JUSTICE—WHITE HOUSE DIRECTED AGENCIES TO HIRE 108 PEOPLE WHO ‘LOYALLY SERVED THE PRESIDENT’: A “little-noticed” passage in Monday’s Department of Justice Inspector General (IG) report on the politicization of the department revealed an e-mail from the White House political affairs office clearly urging federal agencies to hire Bush loyalists. The May 2005 e-mail directs agencies to find jobs for 108 people on a list of “priority candidates” who “loyally served the president.” “We simply want to place as many of our Bush loyalists as possible,” the e-mail said. The New York Times notes that the message “urged administration officials to ‘get creative’ in finding the patronage positions.” Two days later, the White House’s liaison to the Justice Department replied exuberantly, “We pledge 7 slots within 40 days and 40 nights. Let the games begin!” Yesterday, IG Glenn Fine testified before the Senate Judiciary Committee and said that former Attorney General Alberto Gonzales “said he wasn’t aware of what was going on” in his agency. White House spokeswoman Dana Perino refused to say whether President Bush is “disappointed” in Gonzales.

Think Fast

Exxon Mobil broke its own record for “the highest-ever profit by a U.S. company,” as second-quarter profits rose 14 percent. “Net income in the quarter rose to $11.68 billion, or $2.22 a share, from $10.26 billion, or $1.83 a share, last year.”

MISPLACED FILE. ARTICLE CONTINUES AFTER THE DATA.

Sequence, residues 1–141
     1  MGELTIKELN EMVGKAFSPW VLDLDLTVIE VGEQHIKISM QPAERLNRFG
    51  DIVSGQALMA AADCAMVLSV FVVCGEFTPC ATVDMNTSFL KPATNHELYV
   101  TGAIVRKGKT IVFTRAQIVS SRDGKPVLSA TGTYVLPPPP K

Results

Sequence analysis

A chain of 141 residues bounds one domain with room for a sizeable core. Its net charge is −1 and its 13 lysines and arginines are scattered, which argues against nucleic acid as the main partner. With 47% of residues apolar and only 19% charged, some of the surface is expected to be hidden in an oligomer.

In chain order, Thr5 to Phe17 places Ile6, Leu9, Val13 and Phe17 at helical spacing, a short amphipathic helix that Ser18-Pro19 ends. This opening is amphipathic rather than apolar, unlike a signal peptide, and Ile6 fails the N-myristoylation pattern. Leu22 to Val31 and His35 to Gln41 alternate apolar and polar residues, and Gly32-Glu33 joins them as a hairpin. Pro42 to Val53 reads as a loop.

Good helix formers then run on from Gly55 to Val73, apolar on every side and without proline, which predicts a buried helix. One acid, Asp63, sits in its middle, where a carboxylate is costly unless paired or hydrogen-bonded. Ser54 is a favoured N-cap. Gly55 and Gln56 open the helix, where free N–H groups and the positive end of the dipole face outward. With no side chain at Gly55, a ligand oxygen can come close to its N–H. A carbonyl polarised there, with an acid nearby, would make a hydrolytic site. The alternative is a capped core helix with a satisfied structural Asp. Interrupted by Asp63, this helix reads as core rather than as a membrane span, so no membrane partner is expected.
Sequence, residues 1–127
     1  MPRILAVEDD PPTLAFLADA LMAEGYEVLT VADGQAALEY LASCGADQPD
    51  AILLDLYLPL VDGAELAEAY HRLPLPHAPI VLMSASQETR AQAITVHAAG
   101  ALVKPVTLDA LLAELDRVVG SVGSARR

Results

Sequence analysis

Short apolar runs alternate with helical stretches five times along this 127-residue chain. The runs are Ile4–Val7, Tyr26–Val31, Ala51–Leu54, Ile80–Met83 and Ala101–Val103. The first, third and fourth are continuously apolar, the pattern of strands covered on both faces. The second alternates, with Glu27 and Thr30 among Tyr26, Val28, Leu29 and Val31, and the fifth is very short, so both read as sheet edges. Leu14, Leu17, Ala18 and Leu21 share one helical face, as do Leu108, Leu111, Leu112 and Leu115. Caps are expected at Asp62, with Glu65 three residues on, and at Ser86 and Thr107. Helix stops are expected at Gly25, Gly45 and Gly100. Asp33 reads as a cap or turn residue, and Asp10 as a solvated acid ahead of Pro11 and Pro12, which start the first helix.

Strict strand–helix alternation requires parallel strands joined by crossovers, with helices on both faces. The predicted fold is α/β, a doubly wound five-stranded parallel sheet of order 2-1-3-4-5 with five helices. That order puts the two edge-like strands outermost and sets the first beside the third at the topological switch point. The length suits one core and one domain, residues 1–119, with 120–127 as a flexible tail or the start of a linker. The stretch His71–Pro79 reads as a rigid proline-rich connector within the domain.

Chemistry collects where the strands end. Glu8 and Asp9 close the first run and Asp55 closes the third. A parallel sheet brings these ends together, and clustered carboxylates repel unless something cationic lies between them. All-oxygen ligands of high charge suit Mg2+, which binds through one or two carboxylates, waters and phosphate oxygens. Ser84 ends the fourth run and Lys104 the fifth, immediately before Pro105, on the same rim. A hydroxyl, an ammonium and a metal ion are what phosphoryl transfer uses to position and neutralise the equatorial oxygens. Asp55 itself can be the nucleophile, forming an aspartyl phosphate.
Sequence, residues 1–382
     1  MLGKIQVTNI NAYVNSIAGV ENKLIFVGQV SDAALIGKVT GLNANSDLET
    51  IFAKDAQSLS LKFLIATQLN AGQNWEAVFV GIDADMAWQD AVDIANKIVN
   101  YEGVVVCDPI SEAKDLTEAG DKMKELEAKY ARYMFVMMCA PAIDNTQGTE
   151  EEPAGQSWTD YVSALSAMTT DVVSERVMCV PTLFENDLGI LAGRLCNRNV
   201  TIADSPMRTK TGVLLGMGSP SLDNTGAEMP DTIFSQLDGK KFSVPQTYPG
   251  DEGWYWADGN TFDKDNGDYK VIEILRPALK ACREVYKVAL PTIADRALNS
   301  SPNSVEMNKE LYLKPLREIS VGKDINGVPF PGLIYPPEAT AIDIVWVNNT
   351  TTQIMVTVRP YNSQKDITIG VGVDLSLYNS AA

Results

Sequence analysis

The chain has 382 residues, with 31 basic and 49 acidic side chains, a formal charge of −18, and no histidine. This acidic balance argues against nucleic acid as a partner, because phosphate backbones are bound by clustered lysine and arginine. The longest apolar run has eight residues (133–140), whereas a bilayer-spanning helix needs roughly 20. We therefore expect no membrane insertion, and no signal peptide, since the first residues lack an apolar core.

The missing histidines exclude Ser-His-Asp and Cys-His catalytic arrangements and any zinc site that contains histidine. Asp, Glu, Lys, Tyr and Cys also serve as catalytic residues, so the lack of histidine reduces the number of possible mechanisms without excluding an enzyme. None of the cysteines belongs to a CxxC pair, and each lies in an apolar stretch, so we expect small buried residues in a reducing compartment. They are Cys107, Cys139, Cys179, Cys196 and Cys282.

Citing reductions in violence in Iraq, President Bush said this morning that “combat tour lengths for U.S. troops will be reduced to 12 months from 15 months.” While 147,000 U.S. troops remain in Iraq, Bush said troop reductions might be possible because the “terrorists are ‘are on the run.’”

Senate conservatives debated yesterday whether to threaten a government shutdown as a way to force a vote on offshore drilling. Congress would have to pass a continuing resolution in September to keep the government functioning, and conservatives are mulling a filibuster.

The Department of Health and Human Services is “reviewing a draft regulation that would deny federal funding to any hospital, clinic, health plan or other entity” that does not allow employees to opt out of providing birth-control pills, IUDs, and the Plan B contraceptive. The draft considers certain contraceptives as destroying “the life of a human being.”

Iraq and the U.S. “are close to a deal on a sensitive security agreement” that satisfies Iraq’s “desire to be treated as sovereign and independent.” The agreement “guarantee[s] that there would no longer be foreign troops visible on their land—and leaves room for them to discreetly ask for an extended American presence should security deteriorate.”

11: The number of U.S. troops killed in Iraq this month. That is “the lowest monthly toll since the 2003 invasion, according Pentagon figures, highlighting what US commanders say is a marked drop in overall violence.”